WASHINGTON — Two leaders of the Senate — Sens. John McCain and Christopher Murphy — Monday called for a greater financial commitment from European allies to NATO, saying the U.S. should not have to underwrite so much of the organization’s costs.
The Arizona Republican and the Connecticut Democrat spoke at an event hosted at the Center for Strategic Development and International Studies on the same day that the NATO secretary general laid out plans for a future NATO when the allies convene in Wales in September.
McCain called NATO one of the greatest achievements of the 20th century but said he is greatly concerned about the future of the organization while the U.S. bears much of NATO’s financial costs.
“I think there’s good will towards NATO,” McCain said. However, he said sequestration has greatly limited the financial commitment the United States can make to its transatlantic allies.
He said inaction from NATO countries to intervene in unstable regions raises concerns about the organization’s viability. Although he did not advocate for NATO intervention in Syria, McCain criticized the organization’s lack of response to the humanitarian crisis in the war-torn country. He attacked the NATO allies for not even acknowledging reports released Tuesday that the Syrian government has tortured and executed 11,000 detainees since the start of the uprising.
“It’s very disturbing to me,” McCain said.
In addition to the military spending concerns McCain raised, Murphy said international concerns about American national security policies abroad have forced needed conversations about “integrating our counterterrorism” approach. He called on President Barack Obama to address the concerns of European allies during the State of the Union about the NSA data collection practices revealed by Edward Snowden last summer.
Murphy’s recommendation for a focus on counterterrorism fell in line with NATO Secretary General Anders Fogh Rasmussen ‘s suggestions Monday. In addition to addressing terrorism, Rasmussen said NATO must invest in improving responses to piracy, regional instability, missile and cyber attacks.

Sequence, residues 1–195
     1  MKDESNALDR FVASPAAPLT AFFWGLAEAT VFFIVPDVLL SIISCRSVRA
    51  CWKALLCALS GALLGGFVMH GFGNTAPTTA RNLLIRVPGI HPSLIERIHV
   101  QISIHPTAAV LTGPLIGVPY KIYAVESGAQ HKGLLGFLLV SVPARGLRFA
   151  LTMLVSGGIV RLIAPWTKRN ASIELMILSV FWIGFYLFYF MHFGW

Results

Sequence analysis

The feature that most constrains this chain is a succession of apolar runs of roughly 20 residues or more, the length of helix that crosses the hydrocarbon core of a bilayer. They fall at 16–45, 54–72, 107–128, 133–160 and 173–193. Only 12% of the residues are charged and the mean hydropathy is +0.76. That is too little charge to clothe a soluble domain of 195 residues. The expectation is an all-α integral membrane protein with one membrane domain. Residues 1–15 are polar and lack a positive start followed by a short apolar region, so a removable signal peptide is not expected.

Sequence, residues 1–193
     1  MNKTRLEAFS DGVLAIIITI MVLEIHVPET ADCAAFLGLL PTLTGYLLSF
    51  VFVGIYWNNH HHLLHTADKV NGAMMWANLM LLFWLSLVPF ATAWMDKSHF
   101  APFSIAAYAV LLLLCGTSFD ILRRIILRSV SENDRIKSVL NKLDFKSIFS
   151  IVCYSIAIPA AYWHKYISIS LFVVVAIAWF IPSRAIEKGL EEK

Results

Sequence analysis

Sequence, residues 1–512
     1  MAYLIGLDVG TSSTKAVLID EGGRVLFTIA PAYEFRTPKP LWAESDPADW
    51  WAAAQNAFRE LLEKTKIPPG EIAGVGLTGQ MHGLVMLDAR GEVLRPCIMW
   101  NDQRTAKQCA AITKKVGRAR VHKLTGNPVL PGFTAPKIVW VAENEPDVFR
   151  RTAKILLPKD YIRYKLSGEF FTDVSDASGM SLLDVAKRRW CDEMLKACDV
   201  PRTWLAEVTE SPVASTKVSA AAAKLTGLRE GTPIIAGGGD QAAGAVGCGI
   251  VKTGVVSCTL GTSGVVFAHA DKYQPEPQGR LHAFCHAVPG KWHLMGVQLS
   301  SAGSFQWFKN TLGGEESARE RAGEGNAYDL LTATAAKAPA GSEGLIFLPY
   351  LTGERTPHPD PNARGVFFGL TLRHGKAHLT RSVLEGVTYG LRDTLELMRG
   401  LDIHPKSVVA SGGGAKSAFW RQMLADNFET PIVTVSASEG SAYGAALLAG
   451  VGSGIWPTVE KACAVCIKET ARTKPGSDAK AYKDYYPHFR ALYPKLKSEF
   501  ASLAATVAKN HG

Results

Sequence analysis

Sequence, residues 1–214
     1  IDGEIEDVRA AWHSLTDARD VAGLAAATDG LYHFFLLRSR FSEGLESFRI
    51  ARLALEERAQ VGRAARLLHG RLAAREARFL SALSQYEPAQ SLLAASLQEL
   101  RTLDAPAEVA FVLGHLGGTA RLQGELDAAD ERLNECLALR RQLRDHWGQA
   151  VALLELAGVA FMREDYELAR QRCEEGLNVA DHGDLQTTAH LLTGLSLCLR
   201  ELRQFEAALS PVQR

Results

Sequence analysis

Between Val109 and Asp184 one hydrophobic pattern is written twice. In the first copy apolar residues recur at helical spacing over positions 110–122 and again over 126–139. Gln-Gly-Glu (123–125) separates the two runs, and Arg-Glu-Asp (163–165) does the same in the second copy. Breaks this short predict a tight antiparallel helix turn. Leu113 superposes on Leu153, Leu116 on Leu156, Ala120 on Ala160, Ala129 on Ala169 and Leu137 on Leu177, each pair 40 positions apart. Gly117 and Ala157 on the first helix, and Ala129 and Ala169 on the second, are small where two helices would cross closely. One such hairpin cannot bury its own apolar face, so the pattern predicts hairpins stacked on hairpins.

In regard to NATO’s military commitment, McCain stressed the importance of explaining to constituents why the United States needs to maintain military presence in the Middle East. He called withdrawing from Iraq “an abject failure of American foreign policy.”
“We may want to leave the Middle East, but the Middle East isn’t going to leave us,” McCain said.
Murphy said disillusionment about military costs associated with Afghanistan and Iraq have contributed to public skepticism over NATO spending.
Throughout the bipartisan discussion, both McCain and Murphy maintained a polite tone, noting they had gained respect for each other after traveling to the Ukraine in December and working to pass bipartisan legislation calling for a peaceful end to the violent protests that began in Kiev in November.
McCain even joked with Murphy after a brief question and answer period.
“If I looked like Sen. Murphy, I would be president of the United States right now,” the 2008 Republican nominee said, drawing roars of laughter from the audience.
Looking forward to the State of the Union address Tuesday, McCain said he hoped Obama would address trade agreements and his “vision for America’s place in the world.” He said the United States can continue to intervene abroad without necessarily putting boots on the ground.
“There are so many ways we can be involved and engaged, and we should exercise all of those options,” McCain said.